It seems like the prices of everything are only increasing as of late. This is especially true at the local supermarket where the cost of meat and dairy have been on a steady rise, not to mention items like produce and even salty snacks and desserts all demonstrating some modicum of price fluctuation that has us shelling out more money at the checkout line.
It’s getting tougher and tougher to stretch a dollar on groceries and there doesn’t appear to be much relief on the horizon as manufacturing and transportation expenses continue to increase. When the price at the pump rises, you can be sure that’s going to affect your grocery bill too. In fact, there are a litany of factors that currently exist which play a role in the price you’re going to pay for food each week and all of them are well beyond your control.
But you don’t have to accept it. You can fight back. Just start getting creative in finding ways to save on groceries. We have seventeen ideas you may want to try the next time you hit up your local supermarket. Some are pretty simple, others you may have never even considered before now, and all of them are guaranteed to help you keep more money in your pocket while putting more food in your shopping cart.
Desperate times call for desperate measures and at these prices that time is now. So gather up your reusable bags, print out this list, and get ready to hit the aisles. You and your family are about to stock the pantry with your favorite items…and make sure you clear some room in the freezer too. You’re going to need it.
1. Budget Your Trip
The quickest way to spend too much at the grocery store is by not having a plan before you get there. Establishing budgetary parameters when you go will help you control your spending. The best way to accomplish this is by making a shopping list of the items you really need first and budgeting around them. If you know you need to purchase certain items, then you can decide on how much you’ll have left over after you’ve bought the necessities.
Be sure you stick to your budget as well and avoid splurging on products you don’t really need because you may come across a really great deal on something in a different aisle later. Stay focused and shop conservatively, this way you’ll definitely remain under budget.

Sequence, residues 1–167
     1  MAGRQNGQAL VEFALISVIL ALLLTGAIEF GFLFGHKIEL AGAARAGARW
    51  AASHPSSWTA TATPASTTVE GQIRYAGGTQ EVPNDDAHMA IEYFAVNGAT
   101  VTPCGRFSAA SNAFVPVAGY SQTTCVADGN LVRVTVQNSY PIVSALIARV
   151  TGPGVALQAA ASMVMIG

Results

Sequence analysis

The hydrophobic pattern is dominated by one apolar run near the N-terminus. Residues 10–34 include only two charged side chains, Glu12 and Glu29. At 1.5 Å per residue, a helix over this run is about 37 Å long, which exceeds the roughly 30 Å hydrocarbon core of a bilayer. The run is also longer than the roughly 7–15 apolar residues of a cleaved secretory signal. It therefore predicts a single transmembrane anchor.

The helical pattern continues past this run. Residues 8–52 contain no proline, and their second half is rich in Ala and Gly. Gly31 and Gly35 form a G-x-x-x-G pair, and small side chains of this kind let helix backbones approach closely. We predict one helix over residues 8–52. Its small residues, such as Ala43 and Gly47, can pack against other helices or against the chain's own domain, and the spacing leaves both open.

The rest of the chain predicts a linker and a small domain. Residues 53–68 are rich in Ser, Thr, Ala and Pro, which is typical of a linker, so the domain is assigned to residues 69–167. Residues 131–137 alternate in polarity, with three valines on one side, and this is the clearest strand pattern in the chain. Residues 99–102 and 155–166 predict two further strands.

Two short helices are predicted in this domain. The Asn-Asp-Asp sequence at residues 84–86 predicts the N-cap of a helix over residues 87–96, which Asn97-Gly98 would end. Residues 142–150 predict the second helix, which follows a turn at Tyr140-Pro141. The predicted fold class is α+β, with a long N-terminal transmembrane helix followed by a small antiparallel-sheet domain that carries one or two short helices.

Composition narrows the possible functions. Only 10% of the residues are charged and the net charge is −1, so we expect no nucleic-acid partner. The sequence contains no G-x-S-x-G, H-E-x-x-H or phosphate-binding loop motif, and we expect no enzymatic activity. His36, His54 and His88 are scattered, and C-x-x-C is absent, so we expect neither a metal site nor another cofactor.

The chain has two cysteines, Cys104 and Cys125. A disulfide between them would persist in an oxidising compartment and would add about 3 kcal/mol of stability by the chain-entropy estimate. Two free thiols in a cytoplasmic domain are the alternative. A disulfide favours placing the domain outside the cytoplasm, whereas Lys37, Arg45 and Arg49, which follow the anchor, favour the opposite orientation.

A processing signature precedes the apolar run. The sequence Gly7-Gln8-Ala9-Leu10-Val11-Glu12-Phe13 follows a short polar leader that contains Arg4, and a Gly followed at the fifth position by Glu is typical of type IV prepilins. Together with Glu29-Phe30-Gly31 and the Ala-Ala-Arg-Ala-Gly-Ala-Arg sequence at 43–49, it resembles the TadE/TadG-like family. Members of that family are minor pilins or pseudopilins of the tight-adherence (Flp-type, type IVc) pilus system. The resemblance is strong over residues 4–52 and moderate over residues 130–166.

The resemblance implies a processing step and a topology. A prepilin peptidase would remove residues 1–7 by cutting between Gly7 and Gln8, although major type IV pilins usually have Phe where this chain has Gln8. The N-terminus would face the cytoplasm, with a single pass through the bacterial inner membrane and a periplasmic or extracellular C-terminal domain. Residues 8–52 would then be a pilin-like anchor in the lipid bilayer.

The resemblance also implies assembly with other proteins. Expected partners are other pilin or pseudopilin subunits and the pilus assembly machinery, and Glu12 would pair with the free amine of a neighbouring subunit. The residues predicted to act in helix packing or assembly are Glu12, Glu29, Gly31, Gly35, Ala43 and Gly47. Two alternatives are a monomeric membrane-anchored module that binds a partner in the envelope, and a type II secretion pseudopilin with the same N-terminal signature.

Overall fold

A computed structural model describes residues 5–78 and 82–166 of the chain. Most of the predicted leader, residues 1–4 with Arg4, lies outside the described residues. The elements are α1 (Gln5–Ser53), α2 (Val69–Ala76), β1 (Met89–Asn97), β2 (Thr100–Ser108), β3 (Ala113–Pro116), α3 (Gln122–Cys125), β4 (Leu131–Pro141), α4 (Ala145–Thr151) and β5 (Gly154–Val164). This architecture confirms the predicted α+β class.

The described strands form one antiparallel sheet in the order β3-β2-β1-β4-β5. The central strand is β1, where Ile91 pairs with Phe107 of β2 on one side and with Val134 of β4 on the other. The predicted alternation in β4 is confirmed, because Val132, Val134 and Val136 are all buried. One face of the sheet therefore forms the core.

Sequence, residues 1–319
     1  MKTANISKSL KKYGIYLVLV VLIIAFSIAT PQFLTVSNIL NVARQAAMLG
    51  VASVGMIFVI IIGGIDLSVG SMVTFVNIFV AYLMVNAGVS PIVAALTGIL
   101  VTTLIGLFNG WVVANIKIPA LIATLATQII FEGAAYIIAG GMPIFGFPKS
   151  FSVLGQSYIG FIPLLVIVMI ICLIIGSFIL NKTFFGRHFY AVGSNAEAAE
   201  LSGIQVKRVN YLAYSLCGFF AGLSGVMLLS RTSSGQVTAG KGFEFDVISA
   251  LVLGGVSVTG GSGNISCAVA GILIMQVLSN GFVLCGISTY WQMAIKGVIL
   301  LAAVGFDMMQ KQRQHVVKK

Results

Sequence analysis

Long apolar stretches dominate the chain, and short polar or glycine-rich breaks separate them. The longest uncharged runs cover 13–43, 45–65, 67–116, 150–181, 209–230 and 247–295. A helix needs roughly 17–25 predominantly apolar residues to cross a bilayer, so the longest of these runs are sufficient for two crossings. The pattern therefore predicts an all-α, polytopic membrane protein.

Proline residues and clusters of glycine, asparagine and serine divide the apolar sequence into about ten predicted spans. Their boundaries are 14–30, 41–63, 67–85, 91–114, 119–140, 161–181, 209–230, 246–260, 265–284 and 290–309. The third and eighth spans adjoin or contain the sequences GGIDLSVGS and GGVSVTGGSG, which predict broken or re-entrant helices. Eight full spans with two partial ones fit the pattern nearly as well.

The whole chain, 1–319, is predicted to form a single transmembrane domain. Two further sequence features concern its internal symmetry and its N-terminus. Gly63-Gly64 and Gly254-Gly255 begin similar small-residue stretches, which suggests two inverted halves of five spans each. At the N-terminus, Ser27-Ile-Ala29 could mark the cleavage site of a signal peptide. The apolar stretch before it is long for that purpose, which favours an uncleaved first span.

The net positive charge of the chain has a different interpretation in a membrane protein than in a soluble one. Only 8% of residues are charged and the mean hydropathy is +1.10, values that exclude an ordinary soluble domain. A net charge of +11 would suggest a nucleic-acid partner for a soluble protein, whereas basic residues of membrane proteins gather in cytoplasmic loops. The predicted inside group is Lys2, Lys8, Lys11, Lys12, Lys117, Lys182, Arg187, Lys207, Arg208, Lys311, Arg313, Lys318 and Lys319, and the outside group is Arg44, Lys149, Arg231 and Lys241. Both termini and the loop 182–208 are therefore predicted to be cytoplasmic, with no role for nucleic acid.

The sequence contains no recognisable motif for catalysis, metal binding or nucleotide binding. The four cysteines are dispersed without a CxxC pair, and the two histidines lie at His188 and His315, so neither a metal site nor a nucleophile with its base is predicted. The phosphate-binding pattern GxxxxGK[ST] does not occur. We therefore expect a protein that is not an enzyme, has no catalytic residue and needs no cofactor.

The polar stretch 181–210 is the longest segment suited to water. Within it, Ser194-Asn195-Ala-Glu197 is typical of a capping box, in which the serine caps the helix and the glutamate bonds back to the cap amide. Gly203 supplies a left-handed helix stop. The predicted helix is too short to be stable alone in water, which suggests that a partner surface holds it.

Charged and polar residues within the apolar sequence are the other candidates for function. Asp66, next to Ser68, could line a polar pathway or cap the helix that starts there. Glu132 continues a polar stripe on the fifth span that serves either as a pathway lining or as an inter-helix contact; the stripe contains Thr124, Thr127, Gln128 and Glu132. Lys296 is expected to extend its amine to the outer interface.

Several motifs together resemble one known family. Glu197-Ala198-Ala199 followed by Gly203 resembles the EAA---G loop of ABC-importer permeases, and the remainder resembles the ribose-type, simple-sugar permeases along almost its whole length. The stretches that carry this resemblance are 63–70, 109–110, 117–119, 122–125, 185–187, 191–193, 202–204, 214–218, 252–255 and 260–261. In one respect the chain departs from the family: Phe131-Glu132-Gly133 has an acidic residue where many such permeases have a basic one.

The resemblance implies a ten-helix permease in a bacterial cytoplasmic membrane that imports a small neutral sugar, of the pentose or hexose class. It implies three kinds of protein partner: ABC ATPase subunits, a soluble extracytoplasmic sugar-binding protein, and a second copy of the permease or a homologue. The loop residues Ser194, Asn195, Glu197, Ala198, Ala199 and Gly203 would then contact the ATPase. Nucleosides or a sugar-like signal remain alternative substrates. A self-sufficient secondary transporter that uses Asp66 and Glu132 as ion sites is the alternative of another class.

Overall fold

2. Check Out Those Weekly Circulars
Every supermarket has them; a weekly circular that you may find in your mailbox or tucked in the middle of the Sunday paper. You can even pick one up by the front entrance. These guides advertise all of the items that are on sale for the week (sometimes even longer for certain products).
Knowing what’s on sale before you go can help you budget and menu plan more effectively. But while there are so many wonderful items at reduced prices, don’t go hog wild and put something on the list just because it’s cheaper than usual. If it’s not something you or your family is actually going to consume, then it’s not worth including in your budget or shopping list, even if it is a dollar cheaper than normal. If you can’t find the printed version of the weekly circular, you will likely be able to find a version online at the supermarket’s website. That site is going to be a helpful resource for you in other ways as well.
Like I said, the store website is going to prove useful for more than just the weekly circular. Coupons have long been a trusted ally at the checkout counter and there is a myriad of sources from which to find them. In addition to the store website (and sometimes the circular), you can find coupons at a plethora of online locations. You just need to visit the sites, print out the coupons you want, and bring them to the store. The more you use coupons, the shrewder you will become in applying them to the things you buy the most.
You’ll soon discover ways to combine coupons together as you differentiate between manufacturer and store coupons and how they can be doubled up to get even deeper discounts. This is commonly referred to as extreme couponing and hundreds of thousands of consumers just like you have turned this method of saving money into a full-time endeavor. Before long, you’ll be an old pro at saving money on products by adding coupons to those items that the store has already dropped in price.